By Charles Krome
A recent study in cultural anthropology sought to evaluate human behavior in five different European capitals to determine which city was the “naughtiest.” The outcome was announced on July 28 and, unsurprisingly, the winner was Paris. More surprising: The whole thing was actually part of a Volvo marketing campaign. For the full version of the lead photo in this story, click here.
Yep, those wacky Swedes are still at it.
In my very first piece for Techshake, I took a look at how Volvo is trying to widen its appeal by developing unexpected marketing campaigns aimed at attracting new customers. In that story, I mentioned the automaker’s efforts to reach the much-coveted vampire segment through some nifty product placement work in the latest “Twilight” movie.
This is a few days old, but kudos are in order to Volkswagen and its ad agency in Brazil, AlmapBBDO for the creativity shown in promoting the Latin American-market VW Fox’s all-new interior. Rather than using the standard methods of showcasing a new interior – through things like cutaway views, birds-eye views, or studio shots – the pair turned advertising norms inside-out. And the result got the automotive press and many customers to stop what they were doing and to take notice.
How did they turn advertising norms inside-out? By turning the car inside-out! They didn’t actually turn the car literally inside out, but through very creative use of Photoshop or another graphic-arts program, they kept the silhouette of the Fox’s exterior, but stuck every interior detail like seatbelts, seats, gauges, floormats, instrument panel, and even sunvisors on the outside of the car. And, if you look carefully, you can see that the “interior” of the inside-out car has red paint, and is in fact the car’s usual exterior (note the door handles, mirrors, and tail lights). It’s almost an M.C. Escher-like take on illustrating a car, and like Escher’s head-scratching works, it makes you stop and stare for a few minutes to delight in the details and creativity behind the photo. So, wanna see it? It’s after the jump.
By Chris Haak
Alan Mulally’s “One Ford” strategy is now nearly complete. After several years of unwinding the Jacques Nasser-era purchases of European luxury brands (first Aston Martin, then Jaguar and Land Rover), the final step is completion of the transaction to sell Sweden’s Volvo to China’s Geely. And with the approval of China’s powerful Ministry of Commerce, the Volvo deal is expected to close this week.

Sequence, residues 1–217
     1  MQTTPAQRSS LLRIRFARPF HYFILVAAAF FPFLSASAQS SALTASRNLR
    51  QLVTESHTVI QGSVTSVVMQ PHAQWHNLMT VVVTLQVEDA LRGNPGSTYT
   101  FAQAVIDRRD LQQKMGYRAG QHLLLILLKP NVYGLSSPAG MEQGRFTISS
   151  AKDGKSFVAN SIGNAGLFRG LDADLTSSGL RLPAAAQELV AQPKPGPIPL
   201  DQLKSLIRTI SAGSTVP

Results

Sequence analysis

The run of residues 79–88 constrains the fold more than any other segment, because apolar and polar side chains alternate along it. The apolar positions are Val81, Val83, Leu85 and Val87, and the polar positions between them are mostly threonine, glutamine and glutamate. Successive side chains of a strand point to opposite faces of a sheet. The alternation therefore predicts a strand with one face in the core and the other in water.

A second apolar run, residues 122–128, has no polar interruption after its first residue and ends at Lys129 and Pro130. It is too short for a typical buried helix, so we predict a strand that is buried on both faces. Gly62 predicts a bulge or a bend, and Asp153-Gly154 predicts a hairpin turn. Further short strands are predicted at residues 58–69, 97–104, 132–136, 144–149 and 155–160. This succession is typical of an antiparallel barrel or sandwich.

With the impending closure of Mercury and last year’s divestiture of a controlling stake in Mazda, Ford Motor Company’s portfolio of brands have now shrunk from eight (Mazda, Aston Martin, Volvo, Land Rover, Jaguar, Ford, Lincoln, and Mercury) to just two (Ford and Lincoln). Too, the removal of regional fiefdoms in Ford’s global structure means that European Fords, Australian Fords, American Fords, and Asian Fords will be more alike than ever before. Take the 2011 Fiesta, the 2012 Focus, the 2010 Transit Connect, or the upcoming C-Max minivan, for example.
By Chris Haak
Porsche AG’s supervisory board just gave the company approval to develop the well-received 918 Spyder supercarfor sale. The company had previously announced that it had to have firm commitments for 1,000 cars in order to justify the 918 Spyder’s production. Apparently, that milestone has been achieved, and the company actually received 2,000 non-binding commitments, of which presumably at least half were binding.
The car will be developed in Stuttgart at a research facility near Porsche’s headquarter, and will be produced at Porsche’s main plant in Zuffenhausen.
By Chris Haak
Mitsubishi has been having a tough couple of years in the US market. Last year, when the overall light-vehicle market was down 21 percent, the three-diamond company’s sales tanked more than twice as fast as the overall market, with a 45 percent drop. This year, when the rising tide is supposed to be lifting all the boats, Mitsubishi’s US sales are basically flat.
There are two bright spots in Mitsubishi’s sales figures, though: the Lancer compact sedan and the Outlander compact crossover. Not coincidentally, those two models are Mitsubishi’s freshest ones, and the company’s most competent, most normally-styled vehicles. While the aging Eclipse on pace to sell just 5,000 units in 2010, and the fleet queen Galant sedan selling at just about double that pace (and far from the pace of the sales-leading Camry), it seems that Mitsubishi needs to refresh its lineup to have any hope of increasing sales from their depressed levels back to the heady days of zero percent financing loans with no money down to unqualified buyers early in the last decade.